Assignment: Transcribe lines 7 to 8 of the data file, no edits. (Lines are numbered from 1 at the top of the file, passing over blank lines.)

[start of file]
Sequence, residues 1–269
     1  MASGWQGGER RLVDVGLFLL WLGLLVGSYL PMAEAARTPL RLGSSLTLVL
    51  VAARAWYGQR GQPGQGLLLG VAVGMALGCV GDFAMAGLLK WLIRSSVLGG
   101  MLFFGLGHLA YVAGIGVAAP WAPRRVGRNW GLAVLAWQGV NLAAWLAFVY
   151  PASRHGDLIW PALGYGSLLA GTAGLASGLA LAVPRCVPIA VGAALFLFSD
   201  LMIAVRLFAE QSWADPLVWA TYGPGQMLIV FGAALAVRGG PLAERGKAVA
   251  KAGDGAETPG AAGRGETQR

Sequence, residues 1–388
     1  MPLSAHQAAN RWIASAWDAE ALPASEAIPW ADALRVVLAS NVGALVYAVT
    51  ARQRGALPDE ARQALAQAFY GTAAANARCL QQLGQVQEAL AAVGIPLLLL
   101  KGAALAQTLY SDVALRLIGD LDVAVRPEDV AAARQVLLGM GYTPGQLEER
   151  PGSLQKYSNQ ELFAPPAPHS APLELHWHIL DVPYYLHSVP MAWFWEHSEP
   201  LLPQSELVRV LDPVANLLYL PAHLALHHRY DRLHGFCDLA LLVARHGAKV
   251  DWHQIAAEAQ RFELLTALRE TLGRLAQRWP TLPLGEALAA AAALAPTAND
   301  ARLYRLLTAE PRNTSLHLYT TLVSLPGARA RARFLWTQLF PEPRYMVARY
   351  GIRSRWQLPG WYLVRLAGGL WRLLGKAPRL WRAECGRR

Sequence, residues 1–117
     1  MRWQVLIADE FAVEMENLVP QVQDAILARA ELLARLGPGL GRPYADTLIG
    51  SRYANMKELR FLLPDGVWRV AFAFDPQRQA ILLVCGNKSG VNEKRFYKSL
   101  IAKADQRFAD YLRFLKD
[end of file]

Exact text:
   251  KAGDGAETPG AAGRGETQR

Sequence, residues 1–388